|Died||July 10, 2008 (aged 69)|
New York City, U.S.
|Other names||Rocky Aoki|
Double Eagle V
|Children||7; including Steve and Devon|
|Relatives||Yumi Nu (granddaughter)|
Hiroaki Aoki (青木 廣彰, Aoki Hiroaki, October 9, 1938 – July 10, 2008), best known as Rocky Aoki, was a Japanese-American amateur wrestler and restaurateur who founded the popular Japanese cuisine restaurant chain Benihana, and Genesis magazine.
Hiroaki Aoki was born in Tokyo, the son of Katsu and Yunosuke Aoki. Aoki and some friends started a rock and roll band called Rowdy Sounds, though Aoki eventually abandoned music for athletics. He would later explain, "I play bass. But I tell you why I change to wrestling: No good on tempo."
Aoki attended Keio University, where he competed in track and field, karate, and wrestling before being expelled for fighting. He qualified for the 1960 Summer Olympics for wrestling in Rome, but did not compete. However, he later toured the United States and was undefeated in the wrestling 112-pound flyweight class.
Aoki was offered wrestling scholarships from several different American colleges. He attended Springfield College in Springfield, Massachusetts, and later transferred to CW Post College on Long Island.
Move to the United States
After he received his associate degree in management in 1963, he used the $10,000 he had saved from the ice cream business to convince his father to co-invest in the first Benihana, a four-table teppanyaki restaurant on West 56th Street. "Benihana", taken from the Japanese name for safflower, was suggested by Aoki's father. According to family legend, Aoki's father was walking through the bombed-out ruins of post-war Tokyo when he happened across a single red safflower growing in the rubble.
Rocky, who was married three times, once said that he had "three kids from three different women at exactly the same time." He found out about the seventh with the third woman when he was sued for paternity.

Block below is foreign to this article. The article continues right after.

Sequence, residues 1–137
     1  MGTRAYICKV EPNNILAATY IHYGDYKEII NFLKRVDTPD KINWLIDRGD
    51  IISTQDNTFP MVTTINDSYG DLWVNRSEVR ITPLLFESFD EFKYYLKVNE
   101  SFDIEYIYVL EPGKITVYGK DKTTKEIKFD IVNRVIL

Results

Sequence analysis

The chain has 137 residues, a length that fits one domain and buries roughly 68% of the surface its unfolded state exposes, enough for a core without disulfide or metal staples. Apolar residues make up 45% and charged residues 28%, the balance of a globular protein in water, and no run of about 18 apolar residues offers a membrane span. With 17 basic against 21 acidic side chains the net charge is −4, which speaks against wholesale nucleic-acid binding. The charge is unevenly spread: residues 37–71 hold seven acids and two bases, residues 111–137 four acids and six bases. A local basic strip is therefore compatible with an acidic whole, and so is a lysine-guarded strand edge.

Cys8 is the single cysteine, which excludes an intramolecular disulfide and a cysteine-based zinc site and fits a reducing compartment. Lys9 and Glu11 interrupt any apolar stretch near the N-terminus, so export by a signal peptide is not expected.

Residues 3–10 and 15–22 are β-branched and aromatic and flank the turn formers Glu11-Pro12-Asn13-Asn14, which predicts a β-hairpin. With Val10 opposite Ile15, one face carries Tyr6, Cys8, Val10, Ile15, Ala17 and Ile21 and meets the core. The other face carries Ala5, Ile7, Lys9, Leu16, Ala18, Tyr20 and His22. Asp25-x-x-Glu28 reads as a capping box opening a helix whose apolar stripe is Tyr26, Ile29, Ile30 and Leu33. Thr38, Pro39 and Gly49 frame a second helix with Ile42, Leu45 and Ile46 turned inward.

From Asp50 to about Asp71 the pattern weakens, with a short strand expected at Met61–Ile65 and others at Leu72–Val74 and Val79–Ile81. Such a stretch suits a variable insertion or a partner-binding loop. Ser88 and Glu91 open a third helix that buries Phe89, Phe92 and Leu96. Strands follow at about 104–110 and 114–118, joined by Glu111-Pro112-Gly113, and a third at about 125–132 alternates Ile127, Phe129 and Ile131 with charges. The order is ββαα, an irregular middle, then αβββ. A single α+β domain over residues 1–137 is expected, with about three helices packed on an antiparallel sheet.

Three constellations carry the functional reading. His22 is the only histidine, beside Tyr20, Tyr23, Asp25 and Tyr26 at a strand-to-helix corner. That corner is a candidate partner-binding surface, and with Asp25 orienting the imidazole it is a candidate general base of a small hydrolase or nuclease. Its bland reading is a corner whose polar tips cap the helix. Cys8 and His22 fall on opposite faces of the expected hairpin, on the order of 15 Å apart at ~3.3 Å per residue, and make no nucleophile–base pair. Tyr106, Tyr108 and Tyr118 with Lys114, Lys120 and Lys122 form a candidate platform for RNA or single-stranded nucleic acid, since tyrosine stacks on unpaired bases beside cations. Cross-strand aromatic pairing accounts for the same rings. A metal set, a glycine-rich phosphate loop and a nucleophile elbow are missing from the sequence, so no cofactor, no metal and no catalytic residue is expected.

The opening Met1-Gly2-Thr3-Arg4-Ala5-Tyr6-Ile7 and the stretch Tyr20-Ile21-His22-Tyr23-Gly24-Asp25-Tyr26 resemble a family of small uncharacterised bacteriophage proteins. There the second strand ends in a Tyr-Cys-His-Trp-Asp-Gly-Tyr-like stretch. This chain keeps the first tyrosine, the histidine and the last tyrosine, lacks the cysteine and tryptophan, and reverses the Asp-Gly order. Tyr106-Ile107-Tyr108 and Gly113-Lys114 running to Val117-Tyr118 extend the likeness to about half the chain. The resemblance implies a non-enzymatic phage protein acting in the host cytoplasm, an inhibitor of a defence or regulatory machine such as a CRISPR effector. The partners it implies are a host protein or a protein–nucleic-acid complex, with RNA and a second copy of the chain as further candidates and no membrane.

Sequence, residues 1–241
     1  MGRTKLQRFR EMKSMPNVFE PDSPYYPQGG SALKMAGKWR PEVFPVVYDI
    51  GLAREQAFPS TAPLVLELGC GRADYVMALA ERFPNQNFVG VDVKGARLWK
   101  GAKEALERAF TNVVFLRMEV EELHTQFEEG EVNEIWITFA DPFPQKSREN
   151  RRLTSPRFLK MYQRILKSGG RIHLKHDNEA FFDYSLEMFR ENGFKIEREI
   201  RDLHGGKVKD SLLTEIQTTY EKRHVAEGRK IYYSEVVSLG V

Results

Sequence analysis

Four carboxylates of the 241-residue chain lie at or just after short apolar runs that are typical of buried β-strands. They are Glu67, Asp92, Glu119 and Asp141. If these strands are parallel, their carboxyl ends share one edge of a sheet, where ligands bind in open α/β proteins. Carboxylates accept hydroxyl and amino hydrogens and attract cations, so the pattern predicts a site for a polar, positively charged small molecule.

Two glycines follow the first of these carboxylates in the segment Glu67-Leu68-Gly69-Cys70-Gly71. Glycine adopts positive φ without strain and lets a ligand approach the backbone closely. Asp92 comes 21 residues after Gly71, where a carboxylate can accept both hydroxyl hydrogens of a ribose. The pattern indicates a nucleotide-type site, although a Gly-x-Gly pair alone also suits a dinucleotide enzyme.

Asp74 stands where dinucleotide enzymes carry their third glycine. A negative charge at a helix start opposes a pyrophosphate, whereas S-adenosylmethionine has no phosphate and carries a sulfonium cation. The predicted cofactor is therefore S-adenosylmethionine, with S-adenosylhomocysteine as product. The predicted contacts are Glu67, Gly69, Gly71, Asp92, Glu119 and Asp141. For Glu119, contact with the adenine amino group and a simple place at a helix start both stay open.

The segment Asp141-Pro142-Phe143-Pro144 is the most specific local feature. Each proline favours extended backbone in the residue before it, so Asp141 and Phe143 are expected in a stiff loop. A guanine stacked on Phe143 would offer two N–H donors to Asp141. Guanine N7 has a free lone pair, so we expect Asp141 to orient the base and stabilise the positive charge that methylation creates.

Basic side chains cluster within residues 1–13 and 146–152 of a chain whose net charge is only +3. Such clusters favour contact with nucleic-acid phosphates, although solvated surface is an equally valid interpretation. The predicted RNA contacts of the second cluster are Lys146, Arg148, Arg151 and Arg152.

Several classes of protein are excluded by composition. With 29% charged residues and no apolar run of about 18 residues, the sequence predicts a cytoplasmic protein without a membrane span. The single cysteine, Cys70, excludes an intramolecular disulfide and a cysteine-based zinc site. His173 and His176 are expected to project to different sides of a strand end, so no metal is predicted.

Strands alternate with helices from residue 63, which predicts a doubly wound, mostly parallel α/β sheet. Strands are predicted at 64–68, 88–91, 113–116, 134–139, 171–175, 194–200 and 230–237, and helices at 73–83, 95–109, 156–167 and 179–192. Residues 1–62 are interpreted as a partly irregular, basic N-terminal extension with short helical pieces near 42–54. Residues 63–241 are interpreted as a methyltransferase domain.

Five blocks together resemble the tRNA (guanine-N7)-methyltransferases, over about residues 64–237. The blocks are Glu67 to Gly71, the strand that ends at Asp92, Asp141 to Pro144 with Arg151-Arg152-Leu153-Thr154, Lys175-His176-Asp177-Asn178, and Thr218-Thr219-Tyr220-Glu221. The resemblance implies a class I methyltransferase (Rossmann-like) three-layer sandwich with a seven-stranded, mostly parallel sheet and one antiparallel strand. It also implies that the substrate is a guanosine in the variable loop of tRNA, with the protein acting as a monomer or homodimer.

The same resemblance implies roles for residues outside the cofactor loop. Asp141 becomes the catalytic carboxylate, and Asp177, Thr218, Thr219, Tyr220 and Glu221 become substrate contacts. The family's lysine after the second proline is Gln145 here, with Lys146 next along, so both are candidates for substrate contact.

In August 1973, Aoki launched Genesis, a softcore pornographic men's magazine, with two centerfolds each issue. The title changed hands several times, eventually becoming an explicit publication long after Aoki's period of ownership. Despite not enjoying the mainstream popularity of rivals Playboy and Penthouse, the magazine remained in activity for nearly 40 years.
Aoki partially funded and crewed the Double Eagle V, the first balloon to successfully cross the Pacific Ocean. The Double Eagle V launched from Nagashima, Japan on November 10, 1981, and landed in Mendocino National Forest in California 84 hours and 31 minutes later. It traveled a record 5,768 miles (9,283 km). The Double Eagle V's four-man crew consisted of Rocky Aoki with Albuquerque balloonists Ben Abruzzo, Larry Newman, and Ron Clark. Overshadowed by the concurrent Space Shuttle mission STS-2, the Double Eagle V failed to attract the same degree of media attention as the earlier Double Eagle flights.
After injuries suffered in a 1982 accident, the Tenafly, New Jersey resident told sportswriters that he was leaving the sport. He was an offshore powerboat racer along with the 1986 APBA world champion Powerboat throttleman Errol Lanier, a former Fort Lauderdale, Florida fireman who saved his life in a near fatal powerboat crash in 1979 under the Golden Gate Bridge.
On June 9, 1998, Aoki was charged with insider trading and profiting by more than $590,000 from it. The U.S. Attorney's office in Brooklyn, N.Y. charged Aoki with six counts of insider trading and one count of conspiracy based on trading upon inside information about Spectrum Information Technologies Inc. According to the indictment, Aoki learned through Donald Kessler, a former stock promoter, inside information concerning Spectrum's imminent hiring of John Sculley, then-chairman of Apple Computer Inc., as the chairman of Spectrum, and bought 200,000 shares of Spectrum stock. That stock rose 46% the day that this hiring was publicized.
In 1999, Aoki pleaded guilty to insider trading charges and was fined $500,000 and given three years' probation.
Lawsuit against his children
In 2005, he sued four of his children (Grace, Kevin, Kyle, and Echo) for an alleged attempt to take control of the companies he founded, which, at the time, had an estimated value between US$60–100 million.
Aoki died of pneumonia in New York City. At the time of his death he had been suffering from diabetes, Hepatitis C, and cirrhosis of the liver. His hepatitis was reportedly the result of a blood transfusion after a 1979 speedboat crash under the Golden Gate Bridge.
At the time of his death, Rocky Aoki had seven children and was married to his third wife Keiko. These included musician Steve Aoki and actress-model Devon Aoki. Model and singer-songwriter Yumi Nu is his granddaughter. His grave is at the cemetery attached to Joshin temple in Setagaya Ward, Tokyo.
Aoki was the recipient of The International Center in New York's Award of Excellence.
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